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Another built-in worth knowing about is CDPATH.[1] I find that setting a sane CDPATH and bash-completion makes cd-ing anywhere I go regularly pretty trivial - just a few letters and a few TABs and I'm good to go.

[1] http://caliban.org/bash/#bashtips




I'd be extremely careful with CDPATH, never use this on an important host.

Having "cd foo" potentially take you to an entirely different location can be dangerous, to say the least.


I'm not sure I follow. There's nothing dangerous about cd-ing to a directory, though of course it could be dangerous to start work in 'foo', thinking it was 'bar'. Most people use a prompt, or the title bar of their shell to protect against that. But either way, I'm not sure how CDPATH makes that danger greater than any other trick that allows you to jump quickly to a directory using a bookmark, popd or the like.


  cd foo
  rm -f *
Removing predictability from the 'cd' command is not a good idea. If you want a smart 'cd' then just call it 'j' or something else. Easier to type, too.


Certainly a possible scenario, but anyone who cds into any directory (by whatever means) and enters 'rm -f *' without first checking contents deserves what they get.


Well, this was just the most graphic example, there are more subtle ways to create a mess. Directory names are far from unique, a misfiring 'cd tmp' or 'cd src' can easily lead to nasty surprises, even without 'rm' ever getting involved at all.

And you do know that CDPATH also affects shell scripts, right?


> Directory names are far from unique, a misfiring 'cd tmp' or 'cd src' can easily lead to nasty surprises, even without 'rm' ever getting involved at all.

I hear what you're saying, though I'm not really persuaded by this argument. When you 'cd' into a directory along your CDPATH, Bash will print out where you end up when you arrive. Here's an example of what I mean (easier to see than explain):

    circe ~ ❯❯ cd bin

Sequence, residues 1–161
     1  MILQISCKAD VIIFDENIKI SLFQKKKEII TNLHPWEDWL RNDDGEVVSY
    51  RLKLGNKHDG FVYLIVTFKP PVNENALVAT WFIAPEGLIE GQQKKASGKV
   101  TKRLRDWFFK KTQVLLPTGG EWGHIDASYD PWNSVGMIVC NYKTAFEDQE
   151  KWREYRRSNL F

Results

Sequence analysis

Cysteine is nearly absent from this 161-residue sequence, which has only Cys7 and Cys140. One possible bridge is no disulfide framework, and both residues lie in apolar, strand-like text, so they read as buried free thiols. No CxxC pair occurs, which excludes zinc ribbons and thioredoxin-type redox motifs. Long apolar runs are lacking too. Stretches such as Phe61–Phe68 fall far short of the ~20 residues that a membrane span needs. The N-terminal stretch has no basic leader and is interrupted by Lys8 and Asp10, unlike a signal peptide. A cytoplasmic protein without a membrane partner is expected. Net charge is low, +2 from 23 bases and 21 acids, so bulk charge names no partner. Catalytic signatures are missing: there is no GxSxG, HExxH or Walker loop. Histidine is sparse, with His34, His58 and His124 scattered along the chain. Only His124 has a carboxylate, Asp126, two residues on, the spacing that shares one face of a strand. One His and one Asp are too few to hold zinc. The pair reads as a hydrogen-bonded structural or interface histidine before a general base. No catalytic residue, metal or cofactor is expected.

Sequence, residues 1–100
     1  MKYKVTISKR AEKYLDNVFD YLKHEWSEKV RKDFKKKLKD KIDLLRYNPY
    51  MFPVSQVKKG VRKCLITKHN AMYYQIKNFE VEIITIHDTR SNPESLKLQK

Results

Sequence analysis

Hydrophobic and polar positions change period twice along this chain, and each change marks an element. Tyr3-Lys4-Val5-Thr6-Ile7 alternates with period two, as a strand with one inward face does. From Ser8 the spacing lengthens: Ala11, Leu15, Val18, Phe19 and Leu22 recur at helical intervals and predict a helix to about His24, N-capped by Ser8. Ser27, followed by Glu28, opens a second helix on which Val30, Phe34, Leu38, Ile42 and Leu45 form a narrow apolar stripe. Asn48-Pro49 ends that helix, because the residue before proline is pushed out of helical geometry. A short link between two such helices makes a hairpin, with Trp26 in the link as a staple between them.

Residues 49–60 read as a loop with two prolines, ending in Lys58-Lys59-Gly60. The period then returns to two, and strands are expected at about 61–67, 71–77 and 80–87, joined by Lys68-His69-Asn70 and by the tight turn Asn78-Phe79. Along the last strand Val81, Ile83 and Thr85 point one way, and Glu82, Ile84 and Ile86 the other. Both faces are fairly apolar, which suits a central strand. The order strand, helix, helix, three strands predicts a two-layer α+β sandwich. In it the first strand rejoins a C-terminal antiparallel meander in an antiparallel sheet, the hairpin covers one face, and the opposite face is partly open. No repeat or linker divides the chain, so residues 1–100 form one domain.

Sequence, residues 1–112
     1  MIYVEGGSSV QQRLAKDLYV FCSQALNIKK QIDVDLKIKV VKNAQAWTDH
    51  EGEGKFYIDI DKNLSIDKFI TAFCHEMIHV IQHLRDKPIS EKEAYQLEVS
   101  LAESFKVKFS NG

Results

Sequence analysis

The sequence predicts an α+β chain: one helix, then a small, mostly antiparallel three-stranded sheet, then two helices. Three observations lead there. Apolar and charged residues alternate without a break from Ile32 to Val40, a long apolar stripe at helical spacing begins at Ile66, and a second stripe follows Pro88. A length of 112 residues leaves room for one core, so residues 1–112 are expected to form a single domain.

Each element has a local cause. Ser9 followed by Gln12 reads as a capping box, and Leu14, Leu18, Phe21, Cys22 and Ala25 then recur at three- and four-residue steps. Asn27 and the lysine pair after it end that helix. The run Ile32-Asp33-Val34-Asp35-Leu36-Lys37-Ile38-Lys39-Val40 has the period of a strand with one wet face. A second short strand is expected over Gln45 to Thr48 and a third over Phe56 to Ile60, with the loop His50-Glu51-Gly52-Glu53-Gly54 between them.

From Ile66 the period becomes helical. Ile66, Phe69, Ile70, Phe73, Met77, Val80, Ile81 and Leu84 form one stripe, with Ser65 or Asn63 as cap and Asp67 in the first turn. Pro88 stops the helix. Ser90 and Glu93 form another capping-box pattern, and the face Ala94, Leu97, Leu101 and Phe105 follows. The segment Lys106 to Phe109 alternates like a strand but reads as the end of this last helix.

circe bin ❯❯ cd ithaca
    /Users/circe/code/ithaca
    circe ithaca [master•] ❯❯ 
The regular cd simply takes me where I asked. When I cd and use CDPATH (in the second case), I get told where I end up. Sure, there might be four or five different 'ithaca' folders on various machines and even on one machine, but I think that extra print-out really makes it unlikely that I will get confused.

> And you do know that CDPATH also affects shell scripts, right?

No, I'm embarrassed to say, I never thought of this. And this part does sound like a potential problem. When I write Bash scripts, I always use full paths, but I see where my having CDPATH set puts me at danger from other people's scripts. Technomancy gives a concrete example above. Although I think this is bad practice on their part (not to use full paths), I appreciate the warning.


Does it implicitly export $CDPATH? Otherwise you would have to 'export CDPATH' to have that happen.


No, it does not. But in today's world of layered environments (virtualenv, rvm) your bashrc may very well be sourced in places that you didn't anticipate. On top of that each linux distribution has its own way of screwing with the environment files in creative ways, as anyone can attest who has had to make a cronjob work across platforms...

However, your question suggests that you're probably one of the chosen few who could actually use this feature safely. My general advice against it was aimed at the 99% other people who think "Oh convenient!" without being fully aware of the implications.


The link I posted to suggests exporting CDPATH. I've always copied that, without really thinking about the effect on scripts. If you set (but don't export) CDPATH, it does not get passed along to scripts, as far as I can tell here.

So, no, Bash doesn't implicitly export the variable. (Thanks to everyone for helping me improve my dotfiles a little bit.)


There are also a lot of scripts that assume CDPATH isn't being used; for instance any hadoop-based project will break if it's set.




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